Does this paper, completely overturn the Out-of-Africa model?
Posted 16 December 2012 - 10:04 PM
"Global genetic variation at OAS1 provides evidence of archaic admixture in Melanesian populations.
Mendez FL, Watkins JC, Hammer MF.
Department of Ecology and Evolutionary Biology, University of Arizona, USA.
Recent analysis of DNA extracted from two Eurasian forms of archaic human shows that more genetic variants are shared with humans currently living in Eurasia than with anatomically modern humans in sub-Saharan Africa. Although these genome-wide average measures of genetic similarity are consistent with the hypothesis of archaic admixture in Eurasia, analyses of individual loci exhibiting the signal of archaic introgression are needed to test alternative hypotheses and investigate the admixture process. Here, we provide a detailed sequence analysis of the innate immune gene OAS1, a locus with a divergent Melanesian haplotype that is very similar to the Denisova sequence from the Altai region of Siberia. We resequenced a 7-kb region encompassing the OAS1 gene in 88 individuals from six Old World populations (San, Biaka, Mandenka, French Basque, Han Chinese, and Papua New Guineans) and discovered previously unknown and ancient genetic variation. The 5' region of this gene has unusual patterns of diversity, including 1) higher levels of nucleotide diversity in Papuans than in sub-Saharan Africans, 2) very deep ancestry with an estimated time to the most recent common ancestor of >3 myr, and 3) a basal branching pattern with Papuan individuals on either side of the rooted network. A global geographic survey of >1,500 individuals showed that the divergent Papuan haplotype is nearly restricted to populations from eastern Indonesia and Melanesia. Polymorphic sites within this haplotype are shared with the draft Denisova genome over a span of ∼90 kb and are associated with an extended block of linkage disequilibrium, supporting the hypothesis that this haplotype introgressed from an archaic source that likely lived in Eurasia."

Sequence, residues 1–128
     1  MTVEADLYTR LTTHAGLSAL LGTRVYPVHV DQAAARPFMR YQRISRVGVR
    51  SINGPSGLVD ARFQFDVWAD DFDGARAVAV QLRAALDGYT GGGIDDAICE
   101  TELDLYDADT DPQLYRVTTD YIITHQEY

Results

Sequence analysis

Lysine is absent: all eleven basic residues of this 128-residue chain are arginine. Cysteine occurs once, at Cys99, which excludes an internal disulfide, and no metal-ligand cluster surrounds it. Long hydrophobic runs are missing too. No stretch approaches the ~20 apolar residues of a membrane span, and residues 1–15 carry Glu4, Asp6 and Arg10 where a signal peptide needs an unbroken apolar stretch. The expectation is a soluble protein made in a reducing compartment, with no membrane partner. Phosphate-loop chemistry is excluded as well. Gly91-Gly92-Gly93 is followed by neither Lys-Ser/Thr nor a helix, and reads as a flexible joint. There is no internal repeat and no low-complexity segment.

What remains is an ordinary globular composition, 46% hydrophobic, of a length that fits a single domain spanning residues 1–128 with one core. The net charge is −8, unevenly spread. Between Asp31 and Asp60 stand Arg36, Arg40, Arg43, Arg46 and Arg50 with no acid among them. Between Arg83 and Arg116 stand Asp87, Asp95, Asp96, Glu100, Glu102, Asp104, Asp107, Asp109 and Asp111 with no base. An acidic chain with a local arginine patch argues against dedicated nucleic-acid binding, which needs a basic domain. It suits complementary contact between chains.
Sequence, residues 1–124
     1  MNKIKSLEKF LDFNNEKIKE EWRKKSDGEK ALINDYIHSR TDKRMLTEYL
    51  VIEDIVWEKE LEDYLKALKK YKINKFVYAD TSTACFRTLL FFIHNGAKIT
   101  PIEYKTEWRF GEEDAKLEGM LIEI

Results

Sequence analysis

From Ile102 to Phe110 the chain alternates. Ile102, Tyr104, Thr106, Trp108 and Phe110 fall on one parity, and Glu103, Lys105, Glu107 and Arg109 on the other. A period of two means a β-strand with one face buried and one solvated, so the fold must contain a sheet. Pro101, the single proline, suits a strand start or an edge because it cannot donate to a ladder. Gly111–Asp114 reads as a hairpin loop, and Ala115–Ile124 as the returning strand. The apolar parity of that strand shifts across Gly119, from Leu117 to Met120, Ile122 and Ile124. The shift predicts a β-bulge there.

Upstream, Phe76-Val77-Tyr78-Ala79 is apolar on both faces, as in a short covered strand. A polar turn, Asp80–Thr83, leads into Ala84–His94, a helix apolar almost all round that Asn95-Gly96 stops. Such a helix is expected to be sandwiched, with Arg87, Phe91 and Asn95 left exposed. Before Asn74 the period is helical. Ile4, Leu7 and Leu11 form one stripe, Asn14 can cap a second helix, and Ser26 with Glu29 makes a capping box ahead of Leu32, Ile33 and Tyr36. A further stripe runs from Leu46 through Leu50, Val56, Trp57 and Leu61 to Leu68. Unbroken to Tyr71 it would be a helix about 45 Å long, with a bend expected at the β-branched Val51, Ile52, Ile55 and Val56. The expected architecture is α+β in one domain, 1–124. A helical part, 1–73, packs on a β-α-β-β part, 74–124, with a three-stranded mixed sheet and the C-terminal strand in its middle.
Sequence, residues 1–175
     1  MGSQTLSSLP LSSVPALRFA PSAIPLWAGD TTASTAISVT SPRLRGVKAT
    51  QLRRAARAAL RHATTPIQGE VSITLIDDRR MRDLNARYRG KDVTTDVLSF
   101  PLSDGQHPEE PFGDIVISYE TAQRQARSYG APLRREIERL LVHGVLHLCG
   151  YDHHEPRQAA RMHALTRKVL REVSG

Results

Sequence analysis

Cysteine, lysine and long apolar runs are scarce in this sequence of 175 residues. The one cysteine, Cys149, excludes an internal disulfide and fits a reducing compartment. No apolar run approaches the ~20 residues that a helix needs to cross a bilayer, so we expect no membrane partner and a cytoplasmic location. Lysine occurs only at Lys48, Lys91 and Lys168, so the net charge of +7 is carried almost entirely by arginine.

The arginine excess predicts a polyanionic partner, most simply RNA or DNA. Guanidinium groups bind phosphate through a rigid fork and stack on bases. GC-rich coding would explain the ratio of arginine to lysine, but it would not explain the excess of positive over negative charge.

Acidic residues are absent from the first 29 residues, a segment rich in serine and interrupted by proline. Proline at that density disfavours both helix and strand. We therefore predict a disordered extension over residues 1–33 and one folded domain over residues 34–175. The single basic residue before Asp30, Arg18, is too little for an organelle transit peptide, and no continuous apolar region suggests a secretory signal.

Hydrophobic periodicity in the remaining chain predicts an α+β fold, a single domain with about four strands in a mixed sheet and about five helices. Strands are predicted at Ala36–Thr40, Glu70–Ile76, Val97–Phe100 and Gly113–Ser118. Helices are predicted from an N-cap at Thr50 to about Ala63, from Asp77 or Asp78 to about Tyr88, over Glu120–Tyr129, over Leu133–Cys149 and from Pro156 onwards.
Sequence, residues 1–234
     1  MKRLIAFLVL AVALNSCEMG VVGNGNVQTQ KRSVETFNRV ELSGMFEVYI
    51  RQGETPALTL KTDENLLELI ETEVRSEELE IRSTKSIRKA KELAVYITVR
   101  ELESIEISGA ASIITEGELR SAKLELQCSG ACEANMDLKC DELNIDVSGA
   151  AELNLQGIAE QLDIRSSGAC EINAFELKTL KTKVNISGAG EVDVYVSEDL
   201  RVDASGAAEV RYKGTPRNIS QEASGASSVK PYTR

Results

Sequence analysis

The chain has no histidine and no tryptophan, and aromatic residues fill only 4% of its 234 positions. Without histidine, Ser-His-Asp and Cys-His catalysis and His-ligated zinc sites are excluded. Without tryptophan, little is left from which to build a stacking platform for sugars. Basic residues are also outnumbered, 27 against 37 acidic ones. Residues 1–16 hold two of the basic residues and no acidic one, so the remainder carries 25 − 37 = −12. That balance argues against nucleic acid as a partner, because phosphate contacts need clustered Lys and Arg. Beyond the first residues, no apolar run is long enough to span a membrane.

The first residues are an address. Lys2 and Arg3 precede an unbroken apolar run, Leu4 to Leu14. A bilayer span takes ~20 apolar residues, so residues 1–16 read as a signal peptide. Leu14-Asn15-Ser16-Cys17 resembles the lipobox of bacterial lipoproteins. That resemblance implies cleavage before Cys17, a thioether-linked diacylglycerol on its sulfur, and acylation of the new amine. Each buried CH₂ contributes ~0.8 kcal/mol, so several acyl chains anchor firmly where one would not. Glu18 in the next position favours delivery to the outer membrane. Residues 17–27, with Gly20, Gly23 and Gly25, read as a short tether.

Posted 17 December 2012 - 11:55 AM
Posted 18 December 2012 - 09:19 AM
Not at all - I would interpret this (only read the abstract) as saying that the Melanesian populations have some roots in Asia, which makes sense given the linkage of islands down from Asia towards Melanesia. It doesn't state that anything about the origins of the H. sapiens species at all.
Do you think that this lends credibility to the Multiregional hypothesis?
Posted 19 December 2012 - 10:39 AM
No, not really.
Really, why is that? If you don't mind me asking?
Posted 19 December 2012 - 11:44 AM
Posted 06 January 2014 - 01:03 PM
There have been some amazing developments over the past 10 years alone in terms of the origins of man. For example, scientists recently discovered that every single person has neanderthal DNA. This means that they didn't become extinct and die when homo sapiens arrived on the scene. It means that they co-existed and mated in order for all of us to exist. I have also seen that at least 2 other species of humans, including a dwarf race on an island, have been discovered. This leads me to believe that not only have there been multiple species of humans, but legends such as bigfoot may be real and are nothing more than a different evolution of human beings.